Don't let your child grow up to be an NFL kicker
Regarding the headline, you might be thinking, "wait, some kickers have great careers, or even modest or forgettable ones, and also they make a ton of money." You're not wrong, of course—the average starting placekicker makes about $4.2 million every year, and the overwhelming majority of them are proven studs like Adam Vinatieri or people you've never heard of. That's all well and good. But there's a downside, and the downside is insanely horrible. The downside is that you become Scott Norwood, or you become Bears kicker Cody Parkey, and you spend the rest of your life trying to come to terms with the fact that you'll forever be identified with one brief moment of failure in an otherwise successful lifetime.
You could be forever known for this:
One inch to the right, and it might bounce through. Instead, it hit both bars—both $*&$%#*ing bars!—and the Bears are out of the playoffs, and Cody Parkey is infamous. Watch the poor guy have to explain himself:
Now, in this situation, Parkey might be the beneficiary of a restorative miracle: It looks like, quite possibly, the ball was tipped. Which changes everything, and exonerates him from a lifetime of regret—nobody really blames a kicker for having a kick blocked, and that's essentially what this is. But it doesn't change my main point: You have to be insane to take a job that could result in this kind of national infamy because of a missed kick. After Norwood's missed kick that gave the Giants their 1991 Super Bowl, I remember hearing the same joke over and over: Norwood tried to commit suicide, but he was wide right. Imagine living that life. Imagine saying this 25 years later:
“When I put myself in that moment, it’s still very fresh, very real,” Norwood said Wednesday night at a bar near his home in Virginia. “I get emotional. It’s like when I think about my parents and when they died. People always say time will take care of that. I don’t think it really does."
Here's the understatement of the decade: It's not worth it. I hereby declare that the minute my children express any interest in becoming an NFL kicker, I will shoot down their dreams without remorse. You should do the same.
Best Mascot Devastation Flop of the Millennium: Staley Da Bear
Staley is right under the goal posts:
A closer look:
The slow sideways collapse is just perfect. Kudos, Staley. You seized your moment, even if it wasn't the moment you wanted.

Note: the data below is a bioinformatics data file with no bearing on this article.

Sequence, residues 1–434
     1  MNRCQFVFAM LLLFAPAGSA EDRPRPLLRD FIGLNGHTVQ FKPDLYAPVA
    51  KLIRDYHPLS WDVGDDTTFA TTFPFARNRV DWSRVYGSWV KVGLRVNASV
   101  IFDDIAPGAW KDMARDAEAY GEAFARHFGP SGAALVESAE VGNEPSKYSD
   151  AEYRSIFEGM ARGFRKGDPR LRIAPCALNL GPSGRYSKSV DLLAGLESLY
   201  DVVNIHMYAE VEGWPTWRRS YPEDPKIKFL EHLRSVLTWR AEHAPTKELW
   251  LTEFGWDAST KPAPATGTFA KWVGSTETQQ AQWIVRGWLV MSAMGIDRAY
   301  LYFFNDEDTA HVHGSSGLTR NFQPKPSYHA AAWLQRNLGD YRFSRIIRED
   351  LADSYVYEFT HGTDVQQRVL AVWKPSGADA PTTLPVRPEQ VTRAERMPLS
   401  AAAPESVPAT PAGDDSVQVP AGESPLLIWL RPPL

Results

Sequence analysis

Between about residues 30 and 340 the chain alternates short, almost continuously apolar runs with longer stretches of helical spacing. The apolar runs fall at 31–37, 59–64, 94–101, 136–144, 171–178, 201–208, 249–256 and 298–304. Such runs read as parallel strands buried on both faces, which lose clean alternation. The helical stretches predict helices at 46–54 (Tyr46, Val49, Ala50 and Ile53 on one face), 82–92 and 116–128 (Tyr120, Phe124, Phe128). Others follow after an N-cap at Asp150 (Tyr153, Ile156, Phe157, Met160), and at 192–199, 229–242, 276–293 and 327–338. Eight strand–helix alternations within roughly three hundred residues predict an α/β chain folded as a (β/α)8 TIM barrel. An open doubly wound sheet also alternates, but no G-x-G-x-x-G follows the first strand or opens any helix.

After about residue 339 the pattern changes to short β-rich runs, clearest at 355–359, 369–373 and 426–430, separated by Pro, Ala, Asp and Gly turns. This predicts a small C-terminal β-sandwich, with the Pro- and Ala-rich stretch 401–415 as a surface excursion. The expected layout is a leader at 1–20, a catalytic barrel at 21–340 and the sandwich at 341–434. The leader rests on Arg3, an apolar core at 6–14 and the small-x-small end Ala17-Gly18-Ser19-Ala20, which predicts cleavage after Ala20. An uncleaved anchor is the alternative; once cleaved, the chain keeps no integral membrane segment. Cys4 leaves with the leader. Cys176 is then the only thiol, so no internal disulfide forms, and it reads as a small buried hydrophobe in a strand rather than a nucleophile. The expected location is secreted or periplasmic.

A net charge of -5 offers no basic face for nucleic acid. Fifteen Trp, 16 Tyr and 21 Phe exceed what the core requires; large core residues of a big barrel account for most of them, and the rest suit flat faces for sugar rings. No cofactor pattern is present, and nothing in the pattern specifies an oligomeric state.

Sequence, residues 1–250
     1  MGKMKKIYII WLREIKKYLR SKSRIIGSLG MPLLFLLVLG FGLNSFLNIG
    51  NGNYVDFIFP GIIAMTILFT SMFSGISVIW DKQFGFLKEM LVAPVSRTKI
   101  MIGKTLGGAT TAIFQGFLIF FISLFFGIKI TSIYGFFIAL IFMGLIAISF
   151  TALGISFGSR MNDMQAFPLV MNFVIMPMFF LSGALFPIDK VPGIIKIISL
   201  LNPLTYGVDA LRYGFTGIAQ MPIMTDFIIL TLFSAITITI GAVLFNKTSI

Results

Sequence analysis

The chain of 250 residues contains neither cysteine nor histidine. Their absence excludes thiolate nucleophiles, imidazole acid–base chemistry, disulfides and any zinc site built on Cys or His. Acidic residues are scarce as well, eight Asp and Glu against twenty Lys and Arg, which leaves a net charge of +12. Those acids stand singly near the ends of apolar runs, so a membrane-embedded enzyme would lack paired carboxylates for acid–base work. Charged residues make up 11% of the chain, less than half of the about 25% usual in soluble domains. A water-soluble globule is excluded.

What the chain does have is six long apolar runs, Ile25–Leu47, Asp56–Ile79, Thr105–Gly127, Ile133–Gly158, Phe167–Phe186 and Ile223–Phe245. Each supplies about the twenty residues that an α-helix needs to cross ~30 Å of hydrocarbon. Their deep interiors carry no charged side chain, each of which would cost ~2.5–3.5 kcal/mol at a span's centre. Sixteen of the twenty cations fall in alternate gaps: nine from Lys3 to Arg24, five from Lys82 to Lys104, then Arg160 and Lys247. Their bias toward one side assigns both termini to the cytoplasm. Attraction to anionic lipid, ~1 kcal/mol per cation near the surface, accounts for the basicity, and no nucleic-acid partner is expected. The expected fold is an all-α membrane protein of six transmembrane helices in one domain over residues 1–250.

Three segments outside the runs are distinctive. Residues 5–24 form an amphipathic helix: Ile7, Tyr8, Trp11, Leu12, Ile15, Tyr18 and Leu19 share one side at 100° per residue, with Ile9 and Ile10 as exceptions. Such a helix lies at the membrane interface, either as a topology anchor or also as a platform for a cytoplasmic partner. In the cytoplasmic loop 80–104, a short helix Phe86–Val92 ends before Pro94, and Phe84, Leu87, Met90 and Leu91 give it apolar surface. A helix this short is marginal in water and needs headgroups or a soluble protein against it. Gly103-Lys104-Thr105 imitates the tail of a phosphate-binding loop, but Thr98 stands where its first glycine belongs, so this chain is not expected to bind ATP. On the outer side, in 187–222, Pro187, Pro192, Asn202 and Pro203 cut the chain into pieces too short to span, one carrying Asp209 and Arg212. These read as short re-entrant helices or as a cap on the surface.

Shocker of the Week: Lonzo Ball and His Lack of Passion
I definitely didn't see this coming from the elder child of basketball's most dysfunctional, narcissistic family. From Lakers coach Luke Walton:
"They're trying, but they're young," Walton said of Ball and Ingram, both just 21 years old. "At some point, we need more passion. We need more fight. And that's not scoring more. That's more diving for loose balls, communicating loudly, grabbing [rebounds]."
"I talk about it with them all the time," Walton said when asked if he's been able to connect with the former No. 2 picks when they are disengaged. "There's no secret to it. As far as finding that way, I can find it with a lot of people. I don't have the exact answer on those ones yet."
I watched Brandon Ingram play at Duke, and as much ability as he has, I could have told you long before the NBA that he was an emotional dud. But I can see it being a tough call. Lonzo Ball, though? There was no way this guy didn't have character issues considering the egotistical insanity of his old man and the weird odysseys undertaken by his brothers. He's quieter than his dad, and he's a great talent, but there's no way on earth he's not completely screwed up in that "I'm a ticking time bomb because of my family" way. I still say it was idiotic for the Lakers to draft him so high.
Your Three-Point Montage Fix of the Week: Warriors-Kings
Threes are good, better than dunks, and these teams just set the NBA record for most combined threes in a game. Here's all 41:
The Thing We Need More Of...Of the Week: Winner-Take-All Points in Tennis
First things first: Tennis has a unique and, in my opinion, wonderful scoring system whose origins we can only guess at, but which may involve a sun dial. Some people would rather see the sport change to cumulative scoring (along the lines "first person to 100 points wins"), but the beauty of the current format is that drama is built in to every set, every game, every point, and the importance of each is ratcheted to the highest level even in the midst of a long match. Central to this system is "win by two." You have to win each set by two games, each game by two points, and even in tiebreakers, which are the one exception to the set rule, you have to win by two points. The reason behind this is that it mitigates the enormous advantage a server has on any individual point.
In other words, there is never a situation where both players or both doubles teams stand a point away from a match win at the same time. It's impossible...unless you're playing in the Hopman Cup, an eccentric team event held in Australia each January which currently uses a Fast Fours format. Without going into the nitty-gritty, suffice it to say there is a possibility in this format that two teams could be tied at four points apiece in a final set tiebreaker, and the winner of that subsequent point would win the whole kit and caboodle.
It's rare, but this year, in the championship mixed doubles match between Switzerland and Germany, it happened. Watch:
How awesome is that?? Look how much Federer cares! Far be it from me to call for a wholesale change to tennis, but also...we need more double championship points. They're incredible, and the only thing that could have made this better was Staley Da Bear wrapped in a German flag doing his devastation fall.